In Chapter 18, Paul moves on from Athens and ends in Corinth. He later wrote two letters to the Corinthians that are in the Bible, but now he is describing his first meeting with them. Here, he also meets Aquila and Priscilla and we learn that both Paul and Aquila are tentmakers by trade (v3). That is how they make their money. This is also the same Aquila and Priscilla that are depicted in the recent movie “Paul, the Apostle of Christ.” In this biblical account, Aquila and Priscilla have to move out of Rome, insinuating that they were living in Rome at the time. The movie depicts that they would have moved back into Rome to help the Christians there and to serve God.
Paul chooses to work so as not to be a burden (2 Cor 11:9) and earn his keep as mentioned in verse three. There seems to be great fruitfulness in Corinth and many come to believe, though that does not mean that there aren’t struggles in keeping the right faith. Silas and Timothy arrive so Paul can do even more. He stays there for about a year and a half. This amount of time spent there allows him to establish the faith and set a strong foundation. I suppose that may be why he was so upset when he had to write the letters to them.
Again, Paul’s luck with the Jewish community did not fare well with him; evidently, it was not part of God’s plan. So he shakes off his garments and focuses on the Gentiles. Yet there was still some hope. One of the synagogue officials did convert. In fact, his whole household was baptized and believed. That is how it works sometimes. You do a lot of work and nothing seems to be happening, and then a door opens and God’s grace does His part. But for us, we have to ask God to be with us, and it is always amazing when you experience God’s grace when things do not seem to be going as planned. It reminds me of the adage, “If you want to make God laugh, tell Him your plans.” Sometimes we have to step back and allow Jesus to do His work. But this too shall pass. Yet after some fruitfulness, the test comes and suffering must be endured. Sosthenes has to endure a great beating while the proconsul turns a blind eye.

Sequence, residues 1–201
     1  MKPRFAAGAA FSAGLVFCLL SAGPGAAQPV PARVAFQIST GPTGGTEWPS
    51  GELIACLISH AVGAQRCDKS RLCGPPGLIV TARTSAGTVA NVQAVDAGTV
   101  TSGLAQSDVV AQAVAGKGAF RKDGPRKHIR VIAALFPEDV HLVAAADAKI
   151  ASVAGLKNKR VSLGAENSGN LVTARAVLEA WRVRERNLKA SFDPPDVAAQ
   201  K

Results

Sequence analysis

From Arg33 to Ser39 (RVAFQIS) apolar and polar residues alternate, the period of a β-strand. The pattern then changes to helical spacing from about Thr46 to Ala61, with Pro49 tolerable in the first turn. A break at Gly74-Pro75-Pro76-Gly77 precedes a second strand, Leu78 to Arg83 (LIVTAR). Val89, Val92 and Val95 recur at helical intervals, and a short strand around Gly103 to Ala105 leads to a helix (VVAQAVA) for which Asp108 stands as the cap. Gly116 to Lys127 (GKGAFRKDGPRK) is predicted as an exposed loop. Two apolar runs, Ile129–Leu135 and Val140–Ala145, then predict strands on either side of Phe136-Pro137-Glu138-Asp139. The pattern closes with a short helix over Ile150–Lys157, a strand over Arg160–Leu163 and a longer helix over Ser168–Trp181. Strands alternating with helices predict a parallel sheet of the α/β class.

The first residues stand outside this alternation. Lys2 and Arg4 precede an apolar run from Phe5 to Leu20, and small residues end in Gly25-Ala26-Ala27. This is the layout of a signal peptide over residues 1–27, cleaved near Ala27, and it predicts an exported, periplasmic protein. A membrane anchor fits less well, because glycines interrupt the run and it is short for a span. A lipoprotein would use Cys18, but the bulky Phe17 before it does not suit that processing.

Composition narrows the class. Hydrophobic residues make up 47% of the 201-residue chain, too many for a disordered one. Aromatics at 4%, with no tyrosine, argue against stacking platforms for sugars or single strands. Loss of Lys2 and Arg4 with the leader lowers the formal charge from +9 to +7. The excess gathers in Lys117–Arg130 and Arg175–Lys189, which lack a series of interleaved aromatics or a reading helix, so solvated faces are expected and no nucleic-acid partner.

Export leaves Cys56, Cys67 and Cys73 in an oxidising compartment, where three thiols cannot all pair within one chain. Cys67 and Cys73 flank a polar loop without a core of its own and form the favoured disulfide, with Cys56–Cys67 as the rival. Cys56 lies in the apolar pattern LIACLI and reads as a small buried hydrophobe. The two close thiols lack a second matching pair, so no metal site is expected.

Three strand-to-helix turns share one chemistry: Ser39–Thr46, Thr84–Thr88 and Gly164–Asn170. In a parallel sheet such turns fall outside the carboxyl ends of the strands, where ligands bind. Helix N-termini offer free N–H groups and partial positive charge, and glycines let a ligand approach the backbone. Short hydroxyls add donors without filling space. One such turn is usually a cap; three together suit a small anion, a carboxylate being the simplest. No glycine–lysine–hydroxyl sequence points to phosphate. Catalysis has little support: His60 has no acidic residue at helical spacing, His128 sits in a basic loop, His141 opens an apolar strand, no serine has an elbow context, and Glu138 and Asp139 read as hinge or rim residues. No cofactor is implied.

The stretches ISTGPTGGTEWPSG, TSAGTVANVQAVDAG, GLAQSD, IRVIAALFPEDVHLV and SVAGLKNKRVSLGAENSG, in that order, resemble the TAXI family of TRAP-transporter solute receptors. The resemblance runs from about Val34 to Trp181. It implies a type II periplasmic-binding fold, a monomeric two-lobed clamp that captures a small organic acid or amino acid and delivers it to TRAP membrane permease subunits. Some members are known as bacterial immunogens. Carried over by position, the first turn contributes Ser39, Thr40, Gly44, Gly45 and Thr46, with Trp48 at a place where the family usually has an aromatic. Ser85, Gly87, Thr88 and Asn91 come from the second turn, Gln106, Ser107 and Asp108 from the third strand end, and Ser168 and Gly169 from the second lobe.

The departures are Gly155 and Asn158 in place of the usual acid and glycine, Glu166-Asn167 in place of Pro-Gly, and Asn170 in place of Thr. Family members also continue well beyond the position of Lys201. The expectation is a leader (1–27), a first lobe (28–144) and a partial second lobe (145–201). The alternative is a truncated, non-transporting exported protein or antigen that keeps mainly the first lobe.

On Paul’s journey to Antioch, there are some details that may get overlooked (v18-23). I never noticed this before, but Paul got a haircut because of a vow he had taken. I looked it up and found some answers on the “Bible Hub.” To explain, that might be two or three more articles, so I will leave it to you to study. Search for “Paul’s Vow.” It relates to an Old Testament vow he had taken, so obviously, the Old Testament is not null and void. This raises many questions. Why still participate in a vow and not circumcision? What is he understanding? Even as a priest, I learn more every day. Isn’t God awesome!
So now Paul is backtracking where he and/or other Christians have gone. There seems to be a familiarity with him. In Ephesus, they want him to stay longer. In Caesarea, he greets the Church, so the Church is well established there and has a governing body to greet him. In verse 23, he goes out and strengthens the disciples and visits them in “orderly sequence.” When Paul first goes out, it is chaotic. He tries to listen to the Holy Spirit and figure out where God wants him to go while his life is threatened as he runs from town to town. He really didn’t know what was going to happen next. But now he goes in “orderly fashion.” In order to have “orderly fashion” there must be some sort of organization established.
In verse 24 we see the name Apollos for the first time. He is a great speaker and has some idea about the faith, but Aquila and Priscilla have to guide him some more. He gets even better and more conversions happen. But later, we will see a problem arises where Apollos is caught in the middle of an argument (1 Cor 3:4).